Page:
Part of me wonders if this isn’t how Britain’s new Prime Minister sees himself – a modern day JKS, singlehandedly holding off the enemy to deliver Brexit and save both Britain and the Conservative Party. It’s no coincidence, I think, that Boris once chose to write a biography of Winston Churchill. It’s the same sort of mythology – the lone genius who rides to the rescue. Whatever else you may say about Boris, you can’t accuse him of lack of ambition.

It didn’t end well for JKS, who some suspect (almost certainly incorrectly) of being Jack the Ripper. He suffered from bipolar order, and after hitting his head in an accident went steadily crazier. He ended up mental hospital where he wrote a couple of volumes of well-received poetry before starving himself to death.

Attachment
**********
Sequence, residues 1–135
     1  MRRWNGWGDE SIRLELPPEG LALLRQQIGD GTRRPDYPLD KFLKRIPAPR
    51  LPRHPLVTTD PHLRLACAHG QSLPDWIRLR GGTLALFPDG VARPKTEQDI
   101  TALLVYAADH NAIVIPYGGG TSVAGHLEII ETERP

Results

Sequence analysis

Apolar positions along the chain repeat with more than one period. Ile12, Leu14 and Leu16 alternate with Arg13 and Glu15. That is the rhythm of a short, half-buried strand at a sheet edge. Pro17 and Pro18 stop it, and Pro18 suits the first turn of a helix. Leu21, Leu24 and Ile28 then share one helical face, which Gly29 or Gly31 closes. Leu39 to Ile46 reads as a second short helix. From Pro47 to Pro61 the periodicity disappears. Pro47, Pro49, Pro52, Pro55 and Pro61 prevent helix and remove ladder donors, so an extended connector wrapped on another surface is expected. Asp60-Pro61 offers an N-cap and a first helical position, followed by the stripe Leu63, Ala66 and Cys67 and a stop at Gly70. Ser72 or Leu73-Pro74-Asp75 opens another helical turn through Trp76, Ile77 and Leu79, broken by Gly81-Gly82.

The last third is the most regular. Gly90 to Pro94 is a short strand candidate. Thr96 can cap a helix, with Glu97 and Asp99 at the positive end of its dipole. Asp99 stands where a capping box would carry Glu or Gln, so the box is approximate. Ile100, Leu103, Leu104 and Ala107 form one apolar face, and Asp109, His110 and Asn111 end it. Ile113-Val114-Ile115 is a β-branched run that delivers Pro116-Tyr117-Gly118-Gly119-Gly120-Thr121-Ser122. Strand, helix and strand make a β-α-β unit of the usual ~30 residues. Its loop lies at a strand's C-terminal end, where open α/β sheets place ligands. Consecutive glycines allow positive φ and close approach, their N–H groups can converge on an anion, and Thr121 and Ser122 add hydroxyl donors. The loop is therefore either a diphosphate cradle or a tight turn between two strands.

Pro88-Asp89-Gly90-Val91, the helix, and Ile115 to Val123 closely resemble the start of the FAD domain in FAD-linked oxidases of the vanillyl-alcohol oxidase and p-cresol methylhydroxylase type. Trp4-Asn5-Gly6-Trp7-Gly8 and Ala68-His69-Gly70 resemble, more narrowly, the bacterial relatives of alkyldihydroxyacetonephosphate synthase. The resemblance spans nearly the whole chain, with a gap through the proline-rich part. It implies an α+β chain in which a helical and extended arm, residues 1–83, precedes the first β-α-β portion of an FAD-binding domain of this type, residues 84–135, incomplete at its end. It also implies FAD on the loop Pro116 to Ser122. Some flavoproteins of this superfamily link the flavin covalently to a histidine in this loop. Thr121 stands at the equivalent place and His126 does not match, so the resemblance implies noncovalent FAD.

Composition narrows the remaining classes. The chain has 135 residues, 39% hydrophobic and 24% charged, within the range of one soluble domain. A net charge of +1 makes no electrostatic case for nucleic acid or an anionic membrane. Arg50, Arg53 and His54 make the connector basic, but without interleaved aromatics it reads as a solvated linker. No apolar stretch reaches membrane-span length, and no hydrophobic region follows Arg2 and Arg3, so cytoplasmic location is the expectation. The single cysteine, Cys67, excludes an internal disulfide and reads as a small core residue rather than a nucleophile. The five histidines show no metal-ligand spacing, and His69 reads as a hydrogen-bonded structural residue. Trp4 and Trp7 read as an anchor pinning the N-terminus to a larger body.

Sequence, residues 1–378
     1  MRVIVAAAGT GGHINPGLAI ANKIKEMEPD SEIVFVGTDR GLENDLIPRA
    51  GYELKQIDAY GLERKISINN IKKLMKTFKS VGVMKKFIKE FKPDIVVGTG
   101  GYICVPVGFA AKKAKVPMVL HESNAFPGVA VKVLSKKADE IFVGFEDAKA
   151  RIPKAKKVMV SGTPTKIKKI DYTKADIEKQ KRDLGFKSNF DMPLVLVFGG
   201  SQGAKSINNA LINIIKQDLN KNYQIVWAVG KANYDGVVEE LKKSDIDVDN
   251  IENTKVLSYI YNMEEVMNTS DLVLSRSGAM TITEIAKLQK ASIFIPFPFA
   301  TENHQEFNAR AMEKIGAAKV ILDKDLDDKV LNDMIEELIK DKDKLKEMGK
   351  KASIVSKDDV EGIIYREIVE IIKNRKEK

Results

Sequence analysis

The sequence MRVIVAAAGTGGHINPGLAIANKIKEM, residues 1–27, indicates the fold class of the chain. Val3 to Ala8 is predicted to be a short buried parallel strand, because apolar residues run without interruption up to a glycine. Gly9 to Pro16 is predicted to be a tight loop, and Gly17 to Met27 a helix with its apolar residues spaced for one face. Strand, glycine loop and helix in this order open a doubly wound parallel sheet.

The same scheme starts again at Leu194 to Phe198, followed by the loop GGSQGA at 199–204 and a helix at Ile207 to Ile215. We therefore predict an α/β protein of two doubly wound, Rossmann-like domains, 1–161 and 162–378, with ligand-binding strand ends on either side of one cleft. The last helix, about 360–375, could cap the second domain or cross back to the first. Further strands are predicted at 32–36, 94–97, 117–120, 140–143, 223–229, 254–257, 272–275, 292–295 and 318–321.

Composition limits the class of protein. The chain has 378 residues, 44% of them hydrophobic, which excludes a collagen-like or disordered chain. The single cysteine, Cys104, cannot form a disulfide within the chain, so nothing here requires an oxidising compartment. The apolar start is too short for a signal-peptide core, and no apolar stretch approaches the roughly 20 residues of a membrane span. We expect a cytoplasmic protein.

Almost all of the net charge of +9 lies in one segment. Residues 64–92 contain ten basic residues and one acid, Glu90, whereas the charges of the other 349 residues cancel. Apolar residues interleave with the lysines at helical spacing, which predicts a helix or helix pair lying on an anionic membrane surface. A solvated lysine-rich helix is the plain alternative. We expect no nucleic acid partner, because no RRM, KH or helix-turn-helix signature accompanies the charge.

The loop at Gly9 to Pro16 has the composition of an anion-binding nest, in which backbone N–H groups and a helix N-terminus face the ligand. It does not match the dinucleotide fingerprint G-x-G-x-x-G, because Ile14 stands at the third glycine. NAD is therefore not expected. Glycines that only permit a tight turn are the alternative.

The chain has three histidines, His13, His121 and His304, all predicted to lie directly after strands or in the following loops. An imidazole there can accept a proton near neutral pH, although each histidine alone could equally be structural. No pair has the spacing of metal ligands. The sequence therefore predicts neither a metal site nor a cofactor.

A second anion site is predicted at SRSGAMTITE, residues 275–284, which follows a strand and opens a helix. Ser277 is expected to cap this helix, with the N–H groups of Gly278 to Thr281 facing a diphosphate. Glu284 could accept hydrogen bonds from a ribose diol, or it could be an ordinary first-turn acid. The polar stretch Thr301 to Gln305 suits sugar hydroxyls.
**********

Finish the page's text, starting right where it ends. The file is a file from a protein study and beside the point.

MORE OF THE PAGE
It didn’t end well for Henry VI either. He also went mad. Imprisoned by the usurper Edward IV, he too turned to poetry, and penned a few lines of warning for those seeking fame and power.

Kingdoms are but cares
State is devoid of stay,
Riches are ready snares,
And hasten to decay
Pleasure is a privy prick
Which vice doth still provoke;
Pomps, imprompt; and fame, a flame;
Power, a smoldering smoke.
Who meanth to remove the rock
Owst of the slimy mud
Shall mire himself, and hardly scape
The swelling of the flood.

As he seeks to remove the rock of Britain out of the slimy mud of Brexit, will Boris Johnson mire himself in? Will the swelling of the flood then sweep him away? Or will he somehow extemporize his way through it? I do not know. But whatever happens, I’m sure it will be entertaining.

Floreat gens togata!

eton
Boris Johnson (bottom right) and other members of College, 1982. Spot the author.

IRRUSSIANALITY